It's fine if you reject Domino on narrative grounds or whatever similarly-ill-suited definition of cinema you employ, but I've never read a convincing argument against it artistically. And there are plenty who try, including Mr. Stork. Look at the frames above, or better yet, skip ahead to the 2:10 mark in the clip below (just after the helicopter crashes, and forgive the subtitles), and tell me if this at all seems like a movie that is worried about telling a straightforward, linear story and communicating its action clearly. Because that's not what I see. I see a full-on sensory assault dedicated to visual abstraction and the destruction of our notions of what cinema should be. Which seems like a pretty decent purpose for art to have (Lord knows that art lovers lose their shit whenever MOMA highlights a painter who did just that).



"A film is not about what it's about, but how it's about it." - Roger Ebert's famous maxim, though I remember reading he actually got it from someplace else.

I also don't know how Domino is even mentioned in the same breath as Paul Greengrass' work (which we'll get to in a minute). The two styles could not possibly be more dissimilar, or used to more different ends, though apparently "cutting a lot" is enough. By that measure, there's really nothing to distinguish Terrence Malick from Wes Anderson - according to the Cinematrics Database, they have comparable average shot lengths, so what's the difference, right? You could argue that Stork is only examining editing patterns, which is true, but he also dismisses the notion that they could ever be used for a purpose.

Unless, of course, the film wins an Oscar. And not one of those crummy "technical" ones.

Predictably, Stork excuses Kathryn Bigelow's work in The Hurt Locker, because that's the movie we're all supposed to line-up and appreciate, right? Never mind thinking about why we all love it so much and if those applications of style could possibly be used in other pictures. His mild-mannered shrug of an admission reveals the fallacy upon which his entire essay is based. He writes:
To be fair, the techniques of chaos cinema can be used intelligently and with a sense of purpose. Case in point: Kathryn Bigelow's The Hurt Locker. The film uses chaotic style pointedly and sparingly, to suggest the hyper-intensity of the characters' combat experience and the professional warrior's live-wire awareness of the lethal world that surrounds him. Bigelow immerses viewers in the protagonists' perspectives, yet equally grants them a detached point of view. The film achieves a perfect harmony of story, action, and viewer involvement.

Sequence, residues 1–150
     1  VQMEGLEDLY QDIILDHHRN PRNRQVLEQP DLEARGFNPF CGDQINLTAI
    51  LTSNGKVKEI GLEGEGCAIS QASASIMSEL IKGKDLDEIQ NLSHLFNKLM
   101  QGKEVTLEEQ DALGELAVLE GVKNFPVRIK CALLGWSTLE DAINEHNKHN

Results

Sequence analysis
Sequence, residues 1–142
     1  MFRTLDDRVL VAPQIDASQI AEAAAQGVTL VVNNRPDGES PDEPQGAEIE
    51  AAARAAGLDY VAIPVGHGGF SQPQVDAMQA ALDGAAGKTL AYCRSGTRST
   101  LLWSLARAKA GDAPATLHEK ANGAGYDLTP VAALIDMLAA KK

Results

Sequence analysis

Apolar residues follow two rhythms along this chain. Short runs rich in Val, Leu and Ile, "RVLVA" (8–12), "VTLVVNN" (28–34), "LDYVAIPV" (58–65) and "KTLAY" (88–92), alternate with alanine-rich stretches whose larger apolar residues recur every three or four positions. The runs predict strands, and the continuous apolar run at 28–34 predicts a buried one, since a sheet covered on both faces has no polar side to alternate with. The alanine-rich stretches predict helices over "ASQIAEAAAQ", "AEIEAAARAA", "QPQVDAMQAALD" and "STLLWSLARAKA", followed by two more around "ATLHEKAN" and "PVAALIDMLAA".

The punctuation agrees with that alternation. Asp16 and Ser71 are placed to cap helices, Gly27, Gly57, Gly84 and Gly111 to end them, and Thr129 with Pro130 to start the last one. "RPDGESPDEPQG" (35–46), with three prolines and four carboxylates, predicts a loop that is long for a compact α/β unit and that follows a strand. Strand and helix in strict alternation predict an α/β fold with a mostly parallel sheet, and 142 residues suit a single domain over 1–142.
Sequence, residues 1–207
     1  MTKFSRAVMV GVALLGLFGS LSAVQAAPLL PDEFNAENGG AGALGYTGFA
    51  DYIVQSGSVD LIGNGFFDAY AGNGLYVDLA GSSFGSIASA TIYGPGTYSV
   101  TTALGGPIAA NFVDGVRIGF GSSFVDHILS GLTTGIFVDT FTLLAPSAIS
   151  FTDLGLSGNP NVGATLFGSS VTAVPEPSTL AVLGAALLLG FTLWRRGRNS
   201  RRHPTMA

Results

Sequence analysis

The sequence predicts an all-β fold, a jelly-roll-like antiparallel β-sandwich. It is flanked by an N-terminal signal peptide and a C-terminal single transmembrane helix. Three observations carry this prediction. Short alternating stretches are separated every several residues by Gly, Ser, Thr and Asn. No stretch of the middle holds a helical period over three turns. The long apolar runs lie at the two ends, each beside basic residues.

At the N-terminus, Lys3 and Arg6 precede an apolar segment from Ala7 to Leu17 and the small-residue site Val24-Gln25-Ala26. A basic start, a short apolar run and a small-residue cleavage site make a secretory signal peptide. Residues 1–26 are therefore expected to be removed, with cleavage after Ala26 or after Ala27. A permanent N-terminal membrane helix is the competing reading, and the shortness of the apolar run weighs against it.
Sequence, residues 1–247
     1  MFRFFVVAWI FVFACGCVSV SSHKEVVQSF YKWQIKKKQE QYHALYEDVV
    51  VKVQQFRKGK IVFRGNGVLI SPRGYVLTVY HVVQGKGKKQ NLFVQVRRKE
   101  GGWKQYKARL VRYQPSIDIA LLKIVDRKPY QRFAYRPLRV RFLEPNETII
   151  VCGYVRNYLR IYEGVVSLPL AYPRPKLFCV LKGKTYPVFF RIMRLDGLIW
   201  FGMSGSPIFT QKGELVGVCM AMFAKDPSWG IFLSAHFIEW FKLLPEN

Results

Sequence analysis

So it's okay for Bielow to create a visceral piece "to suggest the hyper-intensity of the characters' combat experience and the professional warrior's live-wire awareness of the lethal world that surrounds him," but when Paul Greengrass uses that same style to immerse us in Jason Bourne's world, it's an abomination? The style isn't always used equally, to be fair (and he's right, Quantum of Solace is a mess), but if there is a marked difference between the way Greengrass employs it and the way Bigelow does, Stork doesn't find it. For him, it's simple - Greengrass is bad, Bigelow is good.

Watch the clip below, particularly the beginning. Here, Greengrass uses rapid-fire editing to follow Bourne (Matt Damon) as he searches for Nicky (Julia Stiles), both of them well aware that Desh (Joey Ansah) is trying to kill her. The shots of Nicky, while hardly up there with Bela Tarr (or even Alfoso Cuaron), are much more patient, quiet, and focused. For Bourne, it's all about what's in front of him, noticing every detail and fast as possible, and barreling forward. For Nicky, it's about keeping quiet and out of harm's way. Different approaches for different intentions, effectively contrasted to create tension.



As for the fistfight that follows, I've heard those complaints too, and all I'll say is that every shot is there to communicate what's happening in that scene. Feel free to go through it frame-by-frame and tell me I'm wrong, but I'll tell you right now, that's a road to nowhere my friends. Directors such as Greengrass (and, yes you bastards, Michael Bay) do assault you with their images, which are - wait for it - sometimes devoid of thematic import - but so did Stan Brakhage, and that worked out okay for him now didn't it. But while Greengrass used his assault to communicate unstoppable force (suitable for super-soldier Jason Bourne), Bay's set pieces are more like classical music, with crescendos, diminuendos, and certainly sforzandos.

Watch - and I mean really watch - the car chase from Bad Boys II. Watch the way Bay punctuates the smaller movements within the larger piece ("Now show 'em your badge!" denotes the transition into stationary firefight, which comes to an end when the track rams into the water tanks), maintains continuity of movement (staying in the cars' perspectives when taking the ramp out of the garage, creating a consistent downward spiral), and allows for an accident to create the perfect abstract expression of destruction (a cop car knocking over the camera, creating a crazy, split-second spiral). Once he's on the freeway, it's build, build, build, build, build, then the car flies over Martin Lawrence's head, followed by a brief respite, until the boat comes and the piece reaches its fiery conclusions. Movements. Crescendos. Pause. Builds. More crescendo. Finale.